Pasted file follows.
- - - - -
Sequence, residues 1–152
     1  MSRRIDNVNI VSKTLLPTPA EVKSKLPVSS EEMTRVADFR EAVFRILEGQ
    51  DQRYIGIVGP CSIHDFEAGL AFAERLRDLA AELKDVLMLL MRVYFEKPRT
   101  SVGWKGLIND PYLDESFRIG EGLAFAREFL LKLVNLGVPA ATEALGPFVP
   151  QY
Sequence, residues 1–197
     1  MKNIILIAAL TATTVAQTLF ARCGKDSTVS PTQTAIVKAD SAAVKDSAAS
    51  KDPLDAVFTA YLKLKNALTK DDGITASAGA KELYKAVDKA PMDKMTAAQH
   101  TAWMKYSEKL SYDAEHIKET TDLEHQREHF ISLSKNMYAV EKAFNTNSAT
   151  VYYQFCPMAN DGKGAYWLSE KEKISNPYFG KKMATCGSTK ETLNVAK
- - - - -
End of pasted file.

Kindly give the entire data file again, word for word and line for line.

Sequence, residues 1–152
     1  MSRRIDNVNI VSKTLLPTPA EVKSKLPVSS EEMTRVADFR EAVFRILEGQ
    51  DQRYIGIVGP CSIHDFEAGL AFAERLRDLA AELKDVLMLL MRVYFEKPRT
   101  SVGWKGLIND PYLDESFRIG EGLAFAREFL LKLVNLGVPA ATEALGPFVP
   151  QY
Sequence, residues 1–197
     1  MKNIILIAAL TATTVAQTLF ARCGKDSTVS PTQTAIVKAD SAAVKDSAAS
    51  KDPLDAVFTA YLKLKNALTK DDGITASAGA KELYKAVDKA PMDKMTAAQH
   101  TAWMKYSEKL SYDAEHIKET TDLEHQREHF ISLSKNMYAV EKAFNTNSAT
   151  VYYQFCPMAN DGKGAYWLSE KEKISNPYFG KKMATCGSTK ETLNVAK